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Finding Addiction Treatment In Michigan: Why Is It So Hard?

On September 11th, Families Against Narcotics, Northwest Wayne County Chapter, gathered at LifeChurch in Canton to talk about finding treatment in Michigan.

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On September 11th, Families Against Narcotics, Northwest Wayne County Chapter, gathered at LifeChurch in Canton to talk about finding treatment in Michigan.

The community gathered there had questions. Why is it so difficult to navigate the maze of the treatment system? Why can’t addicts get treatment in the crucial moment of clarity when they’re ready? What’s up with waitlists?

Brian Spitsbergen from Growth-Works moderated the panel and presented first.

He noted that “The system isn’t set up to grab people when they’re most amenable to health.” He covered the basics of intake and levels of care, as well as finding affordable care.

During audience questions, attendees voiced concerns: “Why is it so hard to get treatment before they overdose?” and “Treatment is a big screw you.” The crowd voiced their frustration and anger with a treatment system that is difficult to navigate.

Judy Davis from Detroit Wayne Integrated Health Network presented next.

She explained steps the county is taking to take on the opioid crisis. They are putting up prescription drop-off boxes and displaying billboards for awareness. “We’re here to offer hope,” she said.

Lisa McLaughlin, Workit’s Co-Founder, was next up to present.

 Lisa McLaughlin, Workit Health's Co-CEO, answers audience questions.

Lisa talked about the pain points in treatment care that caused the creation of Workit: the treatment gap between 12 step programs and inpatient care, the long waiting lists when someone is ready to seek treatment, and those that rehab hasn’t worked for despite numerous tries.

She explained that Workit’s online program treats people in their homes, and meets them where they are. “People are dying in their homes,” she said, explaining why on-demand treatment is necessary. When finding treatment, she suggested looking for “Evidence-based treatments and holistic treatments. These behaviors come in a party of 10.” Once the main addiction is under control, a problem with eating or relationships may appear. A treatment program needs to be able to address that.

Intake processes are often complex and difficult to navigate when you’re in the throes of withdrawal. “You can’t fill out forms for intake when you’re high on opioids,” Lisa noted.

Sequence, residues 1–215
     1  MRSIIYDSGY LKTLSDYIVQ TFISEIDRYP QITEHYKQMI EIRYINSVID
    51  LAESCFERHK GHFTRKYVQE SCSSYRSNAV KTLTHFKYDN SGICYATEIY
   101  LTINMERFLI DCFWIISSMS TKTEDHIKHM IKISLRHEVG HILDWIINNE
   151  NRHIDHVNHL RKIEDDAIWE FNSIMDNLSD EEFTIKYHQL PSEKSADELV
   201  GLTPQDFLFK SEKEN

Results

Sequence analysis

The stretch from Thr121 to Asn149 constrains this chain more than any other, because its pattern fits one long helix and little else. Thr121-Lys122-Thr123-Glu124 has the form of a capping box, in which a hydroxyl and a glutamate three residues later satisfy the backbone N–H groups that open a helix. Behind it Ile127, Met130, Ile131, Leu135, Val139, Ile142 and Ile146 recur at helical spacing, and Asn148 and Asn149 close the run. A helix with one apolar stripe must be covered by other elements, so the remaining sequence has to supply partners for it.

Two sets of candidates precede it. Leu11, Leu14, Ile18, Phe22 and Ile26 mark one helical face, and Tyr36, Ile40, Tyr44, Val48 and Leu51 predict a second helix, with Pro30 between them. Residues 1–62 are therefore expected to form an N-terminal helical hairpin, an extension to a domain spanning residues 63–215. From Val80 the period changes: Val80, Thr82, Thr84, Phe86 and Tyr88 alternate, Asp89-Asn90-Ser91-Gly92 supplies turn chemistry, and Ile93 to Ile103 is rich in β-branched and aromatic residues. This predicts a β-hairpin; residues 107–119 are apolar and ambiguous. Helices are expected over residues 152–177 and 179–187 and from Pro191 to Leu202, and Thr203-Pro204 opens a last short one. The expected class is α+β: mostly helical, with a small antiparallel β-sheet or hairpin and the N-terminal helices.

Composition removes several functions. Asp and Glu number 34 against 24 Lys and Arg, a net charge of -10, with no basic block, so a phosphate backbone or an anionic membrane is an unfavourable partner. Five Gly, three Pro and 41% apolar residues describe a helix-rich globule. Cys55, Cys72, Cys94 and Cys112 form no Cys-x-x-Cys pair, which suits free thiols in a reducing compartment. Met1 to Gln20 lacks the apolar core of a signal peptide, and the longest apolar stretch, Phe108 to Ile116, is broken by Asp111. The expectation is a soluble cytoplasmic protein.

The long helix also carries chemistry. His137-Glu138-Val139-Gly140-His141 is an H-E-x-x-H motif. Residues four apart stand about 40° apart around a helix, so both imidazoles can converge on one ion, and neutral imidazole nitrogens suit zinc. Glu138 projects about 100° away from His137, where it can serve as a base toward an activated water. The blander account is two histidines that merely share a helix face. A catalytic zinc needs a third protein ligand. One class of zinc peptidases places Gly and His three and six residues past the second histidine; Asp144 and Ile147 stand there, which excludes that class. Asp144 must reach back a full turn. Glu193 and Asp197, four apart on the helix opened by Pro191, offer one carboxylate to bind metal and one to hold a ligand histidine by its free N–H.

The last presenter was Joseph Paliwoda, of LIGHT House.

He recommended calling every day if you’re on a waitlist for a treatment center. He also emphasized the importance of having fun in recovery.

Takeaways from the discussion.

Families Against Narcotics, Northwest Wayne County Chapter, is taking a great first step towards fixing these problems by bringing patients and their families together with treatment providers to talk out the issues. An audience member noted that it took her a week to find treatment herself, and that people can’t find it when they need it.

Addiction treatment, like addiction itself, needs to be as lightning-quick and serious as emergency treatment. It’s clear that the current system is slow and broken. Workit Health is working to address immediate treatment needs with rapid access clinics, telehealth doctor’s visits, and on-demand online programs and online counseling.

If you have the urge to get better, seize it and take action. Your life could depend on it.

If you weren’t able to make it to the forum on Finding Treatment in Michigan, I caught up with Chrissy Taylor to get her take on why navigating the treatment maze is such a struggle:


Kali Lux is a consumer marketing leader with a focus on healthcare and wellness. She has over a decade of experience in building and operating metrics-driven brand, demand generation, and customer experience teams. A founding member of Workit Health’s team and a person in recovery herself, she’s passionate about fighting stigma and developing strategies that allow more people access to quality treatment at the moment they’re ready for help.

Any general advice posted on our blog, website, or app is for informational purposes only and is not intended to replace or substitute for any medical or other advice. Workit Health, Inc. and its affiliated professional entities make no representations or warranties and expressly disclaim any and all liability concerning any treatment, action by, or effect on any person following the general information offered or provided within or through the blog, website, or app. If you have specific concerns or a situation arises in which you require medical advice, you should consult with an appropriately trained and qualified medical services provider.

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